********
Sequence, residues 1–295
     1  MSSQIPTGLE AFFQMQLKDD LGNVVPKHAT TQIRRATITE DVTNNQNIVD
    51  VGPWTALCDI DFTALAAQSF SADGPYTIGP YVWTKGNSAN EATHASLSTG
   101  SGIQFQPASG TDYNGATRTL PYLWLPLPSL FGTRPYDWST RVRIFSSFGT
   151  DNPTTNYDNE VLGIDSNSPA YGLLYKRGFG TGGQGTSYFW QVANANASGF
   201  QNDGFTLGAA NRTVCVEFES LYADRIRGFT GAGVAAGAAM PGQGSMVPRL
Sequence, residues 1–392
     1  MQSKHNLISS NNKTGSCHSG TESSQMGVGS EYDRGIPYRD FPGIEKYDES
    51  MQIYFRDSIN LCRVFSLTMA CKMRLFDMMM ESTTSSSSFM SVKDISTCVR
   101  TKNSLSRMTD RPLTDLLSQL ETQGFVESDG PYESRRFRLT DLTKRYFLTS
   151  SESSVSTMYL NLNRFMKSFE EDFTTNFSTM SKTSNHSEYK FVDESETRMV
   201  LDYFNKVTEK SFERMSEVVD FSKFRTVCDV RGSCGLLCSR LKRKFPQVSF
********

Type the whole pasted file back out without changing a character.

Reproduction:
Sequence, residues 1–295
     1  MSSQIPTGLE AFFQMQLKDD LGNVVPKHAT TQIRRATITE DVTNNQNIVD
    51  VGPWTALCDI DFTALAAQSF SADGPYTIGP YVWTKGNSAN EATHASLSTG
   101  SGIQFQPASG TDYNGATRTL PYLWLPLPSL FGTRPYDWST RVRIFSSFGT
   151  DNPTTNYDNE VLGIDSNSPA YGLLYKRGFG TGGQGTSYFW QVANANASGF
   201  QNDGFTLGAA NRTVCVEFES LYADRIRGFT GAGVAAGAAM PGQGSMVPRL
Sequence, residues 1–392
     1  MQSKHNLISS NNKTGSCHSG TESSQMGVGS EYDRGIPYRD FPGIEKYDES
    51  MQIYFRDSIN LCRVFSLTMA CKMRLFDMMM ESTTSSSSFM SVKDISTCVR
   101  TKNSLSRMTD RPLTDLLSQL ETQGFVESDG PYESRRFRLT DLTKRYFLTS
   151  SESSVSTMYL NLNRFMKSFE EDFTTNFSTM SKTSNHSEYK FVDESETRMV
   201  LDYFNKVTEK SFERMSEVVD FSKFRTVCDV RGSCGLLCSR LKRKFPQVSF